Vaccinations (also called immunizations) provide protection against many serious diseases. Today most children are vaccinated against major childhood diseases. There are also several other vaccinations that need to be kept up to date during your life.
Here are some infections that youth and adults can be vaccinated against:
Babies and children need vaccinations to protect them against several diseases that can range from uncomfortable to fatal. Childhood immunizations start at the age of 2 months. The first vaccination is to protect against tetanus, diphtheria and pertussis (TDaP). A booster shot needs to be given between ages 14 and 16.
For protection against measles, mumps and rubella (MMR) your baby will need two shots – one given at 12 to 15 months and a second one at 18 months, These shots provide lifelong protection against these three diseases.
For protection against chicken pox the varicella vaccine is recommended at age 12 months.
Tetanus (also called lockjaw) is an infection that can be fatal. The infection is caused by bacteria that gets into the body through a deep cut or puncture wound. Adults should get a tetanus shot every 10 years to stay protected. If you get a puncture wound or deep cut you should get a booster shot right away at your Health Centre.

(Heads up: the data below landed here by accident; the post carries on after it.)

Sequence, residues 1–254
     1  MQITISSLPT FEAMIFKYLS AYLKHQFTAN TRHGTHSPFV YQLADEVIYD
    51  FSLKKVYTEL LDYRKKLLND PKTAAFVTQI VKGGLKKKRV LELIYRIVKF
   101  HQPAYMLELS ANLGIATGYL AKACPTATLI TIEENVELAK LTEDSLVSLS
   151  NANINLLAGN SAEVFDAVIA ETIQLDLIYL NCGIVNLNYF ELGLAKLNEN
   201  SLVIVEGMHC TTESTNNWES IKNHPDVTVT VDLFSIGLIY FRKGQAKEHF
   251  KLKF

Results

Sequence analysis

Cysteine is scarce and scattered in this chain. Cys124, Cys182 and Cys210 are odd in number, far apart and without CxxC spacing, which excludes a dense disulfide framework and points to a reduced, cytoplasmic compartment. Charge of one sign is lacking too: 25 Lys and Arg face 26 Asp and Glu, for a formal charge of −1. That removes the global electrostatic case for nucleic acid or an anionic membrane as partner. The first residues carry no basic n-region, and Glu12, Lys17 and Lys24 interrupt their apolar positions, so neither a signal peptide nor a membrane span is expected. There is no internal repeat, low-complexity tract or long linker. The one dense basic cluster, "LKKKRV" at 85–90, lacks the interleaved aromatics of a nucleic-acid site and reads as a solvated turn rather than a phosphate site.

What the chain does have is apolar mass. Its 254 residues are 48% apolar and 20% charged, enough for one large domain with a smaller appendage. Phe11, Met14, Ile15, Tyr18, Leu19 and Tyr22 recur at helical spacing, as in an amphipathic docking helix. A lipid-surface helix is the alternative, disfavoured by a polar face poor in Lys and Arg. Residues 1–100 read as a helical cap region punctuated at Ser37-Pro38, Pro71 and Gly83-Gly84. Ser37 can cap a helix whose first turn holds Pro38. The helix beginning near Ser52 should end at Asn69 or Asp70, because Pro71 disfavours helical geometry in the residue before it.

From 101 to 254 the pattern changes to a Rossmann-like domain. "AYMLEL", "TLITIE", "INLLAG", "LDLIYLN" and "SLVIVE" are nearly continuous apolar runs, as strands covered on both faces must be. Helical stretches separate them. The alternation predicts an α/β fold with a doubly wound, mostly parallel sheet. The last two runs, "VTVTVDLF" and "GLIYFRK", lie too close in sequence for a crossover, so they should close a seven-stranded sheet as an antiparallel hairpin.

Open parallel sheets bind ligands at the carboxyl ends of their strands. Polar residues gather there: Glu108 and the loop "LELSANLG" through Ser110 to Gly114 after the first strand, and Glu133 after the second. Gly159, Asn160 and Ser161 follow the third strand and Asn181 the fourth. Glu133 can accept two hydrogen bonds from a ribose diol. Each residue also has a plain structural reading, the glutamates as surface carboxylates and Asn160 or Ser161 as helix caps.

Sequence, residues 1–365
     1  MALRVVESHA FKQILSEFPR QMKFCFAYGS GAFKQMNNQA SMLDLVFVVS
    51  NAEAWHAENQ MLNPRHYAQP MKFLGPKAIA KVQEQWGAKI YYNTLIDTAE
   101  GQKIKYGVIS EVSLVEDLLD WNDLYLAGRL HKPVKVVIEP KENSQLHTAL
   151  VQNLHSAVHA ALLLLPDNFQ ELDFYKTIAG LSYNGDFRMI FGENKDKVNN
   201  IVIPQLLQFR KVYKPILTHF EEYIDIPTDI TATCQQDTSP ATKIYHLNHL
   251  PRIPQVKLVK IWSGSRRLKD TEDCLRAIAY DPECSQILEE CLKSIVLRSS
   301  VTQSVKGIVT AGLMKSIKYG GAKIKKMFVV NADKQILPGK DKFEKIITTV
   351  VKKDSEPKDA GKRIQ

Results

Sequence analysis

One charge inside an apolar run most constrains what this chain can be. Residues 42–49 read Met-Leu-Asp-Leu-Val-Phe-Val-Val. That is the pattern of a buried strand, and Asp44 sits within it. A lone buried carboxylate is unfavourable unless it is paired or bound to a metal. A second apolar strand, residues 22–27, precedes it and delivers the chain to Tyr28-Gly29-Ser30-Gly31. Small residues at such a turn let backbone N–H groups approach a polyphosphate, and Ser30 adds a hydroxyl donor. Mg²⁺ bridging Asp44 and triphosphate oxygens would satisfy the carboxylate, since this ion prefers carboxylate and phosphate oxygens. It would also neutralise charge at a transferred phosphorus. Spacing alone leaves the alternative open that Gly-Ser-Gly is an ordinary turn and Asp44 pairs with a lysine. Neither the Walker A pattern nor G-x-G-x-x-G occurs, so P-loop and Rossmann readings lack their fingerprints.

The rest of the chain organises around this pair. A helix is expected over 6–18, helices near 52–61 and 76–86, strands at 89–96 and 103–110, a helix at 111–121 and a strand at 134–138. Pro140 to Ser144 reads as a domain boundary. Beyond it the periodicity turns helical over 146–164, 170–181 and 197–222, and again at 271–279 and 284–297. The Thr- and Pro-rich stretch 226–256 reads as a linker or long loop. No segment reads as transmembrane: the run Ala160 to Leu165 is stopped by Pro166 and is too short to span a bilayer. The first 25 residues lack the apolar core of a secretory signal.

Influenza (“The Flu”)
To protect yourself get a “flu shot” every fall. Getting a flu shot is particularly important if you are 65 or older, if you have a lung disease, if you have a heart disease or diabetes. The flu vaccination reduces your risk of getting sick with the flu. Don’t get a flu shot if you are allergic to eggs. Eggs are used in making the vaccine.
Adults 65 and older should get a pneumoccal vaccination. Older people have a greater chance than younger people of getting pneumonia infections. The vaccination is usually given only once. However your Community Health Nurse may suggest a booster shot.